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How polluted air damages our brain
When older women are exposed to increased air pollution, this is associated with a sharp decline in memory and Alzheimer's-like brain atrophy. This is the conclusion reached by an American research team.
A recent study by the University of Southern California found that air pollution in older women contributed to a decrease in memory and a gradual loss of brain tissue. The results of the study were published in the English language journal "Brain".
Older women suffered brain loss due to air pollution
Women who were between 73 and 87 years of age are at greater risk of memory loss and brain loss from increased air pollution compared to women who breathed clean air.
There is no cure for Alzheimer's
The results of the study could influence the prevention of Alzheimer's through risk reduction in the future and indicate a possible disease mechanism. There is currently no effective treatment or cure for Alzheimer's disease.
Air pollution changes people's brains
"This is the first study that really shows in a statistical model that air pollution is related to changes in the brain of people and that these changes are associated with a decrease in memory," said study author Andrew Petkus from the Keck School of Medicine at the University of Southern California in a press release.
Development of new treatment options in sight
"We hope that by better understanding the underlying brain changes caused by air pollution, researchers will be able to develop interventions that help people with or without cognitive decline," the expert added.
Danger from PM2.5 particles
The smallest particles, which are also referred to as PM2.5 particles, are about 1/30 times as wide as a human hair in diameter. The particles come from traffic fumes, smoke and dust. Their small size enables the particles to remain in the air for a long time. This allows them to get into buildings and be inhaled easily, allowing them to reach and accumulate in the brain.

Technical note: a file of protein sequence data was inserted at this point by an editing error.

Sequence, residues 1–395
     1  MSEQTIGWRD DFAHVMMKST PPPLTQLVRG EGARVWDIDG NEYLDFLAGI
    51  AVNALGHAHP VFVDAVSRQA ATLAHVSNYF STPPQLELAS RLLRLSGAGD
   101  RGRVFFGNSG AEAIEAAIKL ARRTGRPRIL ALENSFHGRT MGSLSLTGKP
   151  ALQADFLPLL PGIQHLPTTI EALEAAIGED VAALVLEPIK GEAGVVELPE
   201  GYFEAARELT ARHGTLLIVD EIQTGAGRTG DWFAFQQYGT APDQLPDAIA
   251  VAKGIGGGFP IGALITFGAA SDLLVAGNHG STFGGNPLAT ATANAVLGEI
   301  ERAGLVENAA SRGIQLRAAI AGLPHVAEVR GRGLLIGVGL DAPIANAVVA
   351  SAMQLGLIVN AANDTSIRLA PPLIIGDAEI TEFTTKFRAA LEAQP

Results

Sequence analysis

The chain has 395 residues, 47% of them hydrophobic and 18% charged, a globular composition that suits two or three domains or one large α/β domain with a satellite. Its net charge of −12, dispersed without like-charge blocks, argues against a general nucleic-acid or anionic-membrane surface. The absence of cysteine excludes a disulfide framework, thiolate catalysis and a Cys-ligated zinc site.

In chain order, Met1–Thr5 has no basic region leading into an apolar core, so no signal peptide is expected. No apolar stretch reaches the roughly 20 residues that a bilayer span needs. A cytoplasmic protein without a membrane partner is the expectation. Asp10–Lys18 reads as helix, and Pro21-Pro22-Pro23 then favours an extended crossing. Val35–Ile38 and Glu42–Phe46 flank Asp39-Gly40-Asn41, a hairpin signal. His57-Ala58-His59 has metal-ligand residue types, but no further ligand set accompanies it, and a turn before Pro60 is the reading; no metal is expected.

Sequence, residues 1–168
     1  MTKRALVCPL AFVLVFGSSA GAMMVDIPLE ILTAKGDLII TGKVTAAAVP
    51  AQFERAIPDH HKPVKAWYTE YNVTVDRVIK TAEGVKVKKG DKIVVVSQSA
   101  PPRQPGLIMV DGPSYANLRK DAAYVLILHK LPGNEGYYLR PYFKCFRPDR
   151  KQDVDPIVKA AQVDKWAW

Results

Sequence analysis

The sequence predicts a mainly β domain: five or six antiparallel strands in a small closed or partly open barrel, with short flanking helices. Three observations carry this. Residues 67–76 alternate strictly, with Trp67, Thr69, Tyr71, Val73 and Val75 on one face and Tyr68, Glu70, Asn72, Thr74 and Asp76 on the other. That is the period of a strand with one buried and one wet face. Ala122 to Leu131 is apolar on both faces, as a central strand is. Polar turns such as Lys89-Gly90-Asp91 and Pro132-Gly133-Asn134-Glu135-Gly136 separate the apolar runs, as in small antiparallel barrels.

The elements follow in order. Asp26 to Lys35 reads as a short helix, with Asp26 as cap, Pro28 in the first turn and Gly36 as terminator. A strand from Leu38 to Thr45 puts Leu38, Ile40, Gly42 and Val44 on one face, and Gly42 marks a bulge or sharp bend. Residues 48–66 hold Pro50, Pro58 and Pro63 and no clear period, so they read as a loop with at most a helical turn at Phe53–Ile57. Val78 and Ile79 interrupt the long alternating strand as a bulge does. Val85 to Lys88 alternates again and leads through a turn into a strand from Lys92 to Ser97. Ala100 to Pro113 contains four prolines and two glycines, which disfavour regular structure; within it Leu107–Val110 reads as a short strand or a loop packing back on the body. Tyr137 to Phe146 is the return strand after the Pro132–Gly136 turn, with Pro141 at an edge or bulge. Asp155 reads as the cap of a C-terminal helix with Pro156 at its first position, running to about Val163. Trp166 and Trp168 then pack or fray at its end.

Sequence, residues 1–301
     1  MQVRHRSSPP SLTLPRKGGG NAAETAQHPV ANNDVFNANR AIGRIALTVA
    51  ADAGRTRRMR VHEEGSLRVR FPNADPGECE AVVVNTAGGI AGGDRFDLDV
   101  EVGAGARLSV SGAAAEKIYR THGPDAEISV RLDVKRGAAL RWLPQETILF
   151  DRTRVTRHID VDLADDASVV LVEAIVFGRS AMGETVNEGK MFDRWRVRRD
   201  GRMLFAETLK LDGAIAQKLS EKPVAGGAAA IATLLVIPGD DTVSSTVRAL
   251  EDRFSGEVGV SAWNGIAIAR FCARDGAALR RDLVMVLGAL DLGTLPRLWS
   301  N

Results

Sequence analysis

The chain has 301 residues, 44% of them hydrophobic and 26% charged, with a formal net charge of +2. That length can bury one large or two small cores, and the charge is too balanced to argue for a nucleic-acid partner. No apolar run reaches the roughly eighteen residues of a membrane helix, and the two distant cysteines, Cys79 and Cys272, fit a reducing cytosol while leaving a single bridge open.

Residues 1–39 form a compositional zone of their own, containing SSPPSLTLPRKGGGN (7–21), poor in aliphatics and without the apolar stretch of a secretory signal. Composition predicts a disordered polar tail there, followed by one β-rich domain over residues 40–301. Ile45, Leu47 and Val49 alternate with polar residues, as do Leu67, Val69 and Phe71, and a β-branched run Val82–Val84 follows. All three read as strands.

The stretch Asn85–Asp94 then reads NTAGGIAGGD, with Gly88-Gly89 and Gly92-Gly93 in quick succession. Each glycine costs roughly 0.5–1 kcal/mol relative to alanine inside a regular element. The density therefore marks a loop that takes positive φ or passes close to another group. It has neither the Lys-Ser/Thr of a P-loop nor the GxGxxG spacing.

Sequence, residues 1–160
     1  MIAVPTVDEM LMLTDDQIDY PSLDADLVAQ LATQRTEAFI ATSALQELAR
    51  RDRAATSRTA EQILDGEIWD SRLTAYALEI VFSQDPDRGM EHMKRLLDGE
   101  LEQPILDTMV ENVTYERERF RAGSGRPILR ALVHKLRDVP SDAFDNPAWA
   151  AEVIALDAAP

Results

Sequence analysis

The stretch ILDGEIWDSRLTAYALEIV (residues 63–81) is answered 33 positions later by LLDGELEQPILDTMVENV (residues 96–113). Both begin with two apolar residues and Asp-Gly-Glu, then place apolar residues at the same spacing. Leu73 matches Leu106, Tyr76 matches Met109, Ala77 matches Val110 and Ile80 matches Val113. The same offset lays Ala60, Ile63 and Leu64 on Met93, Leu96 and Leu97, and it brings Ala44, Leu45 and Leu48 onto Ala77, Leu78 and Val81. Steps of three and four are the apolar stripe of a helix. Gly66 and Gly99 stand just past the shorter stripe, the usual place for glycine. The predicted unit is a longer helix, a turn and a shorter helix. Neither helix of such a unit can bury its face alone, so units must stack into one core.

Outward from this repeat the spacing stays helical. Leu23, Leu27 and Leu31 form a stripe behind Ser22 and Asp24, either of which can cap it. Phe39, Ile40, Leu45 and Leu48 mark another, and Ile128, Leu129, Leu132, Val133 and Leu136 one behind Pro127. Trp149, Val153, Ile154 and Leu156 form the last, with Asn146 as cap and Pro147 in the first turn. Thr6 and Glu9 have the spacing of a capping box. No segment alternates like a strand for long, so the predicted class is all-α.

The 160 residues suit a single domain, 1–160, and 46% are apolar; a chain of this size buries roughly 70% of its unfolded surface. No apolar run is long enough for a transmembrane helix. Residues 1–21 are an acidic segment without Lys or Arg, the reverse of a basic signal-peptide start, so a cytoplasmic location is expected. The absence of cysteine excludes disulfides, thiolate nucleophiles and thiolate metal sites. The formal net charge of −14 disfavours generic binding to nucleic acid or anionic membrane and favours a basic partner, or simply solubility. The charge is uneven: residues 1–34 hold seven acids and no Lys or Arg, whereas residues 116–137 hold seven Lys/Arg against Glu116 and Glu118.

Effects of exposure to PM2.5 particles
This fine dust pollution is associated with asthma, cardiovascular diseases, lung diseases and premature death. Previous studies have already shown that exposure to fine dust also increases the risk of Alzheimer's disease and the associated dementia.
Data from almost 1,000 women were evaluated
For the current study, the researchers analyzed the data from 998 women aged 73 to 87 who had participated in up to two brain examinations every five years as part of the Women's Health Initiative. The Women's Health Initiative was launched in 1993 by the National Institutes of Health and included more than 160,000 women who raised questions about heart disease, cancer and osteoporosis.
Artificial intelligence should recognize existing patterns
Women's brain scans were evaluated based on their similarity to the patterns of Alzheimer's disease from a machine learning tool that had previously been trained on brain scans from people with Alzheimer's.
How was the fine dust pollution estimated?
The researchers also analyzed information about where the 998 women lived and environmental data from these locations to estimate their exposure to particulate matter. When all available information was combined and evaluated, the researchers were able to establish a connection between increased pollution, brain changes and memory problems.
More research is needed
The results persisted even after adjusting for differences in income, education, geographic region, smoking and other factors. The current study helps to better understand Alzheimer's as it identified some of the brain changes that link air pollution and memory loss. (as)
Author and source information
This text corresponds to the specifications of the medical literature, medical guidelines and current studies and has been checked by medical doctors.
- Diana Younan, Andrew J Petkus, Keith F Widaman, Xinhui Wang, Ramon Casanova et al .: Particulate matter and episodic memory decline mediated by early neuroanatomic biomarkers of Alzheimer's disease, in Brain (query: November 21, 2019), Brain
- USC study connects air pollution, memory problems and Alzheimer’s-like brain changes, University of Southern California (query: 21.11.2019), University of Southern California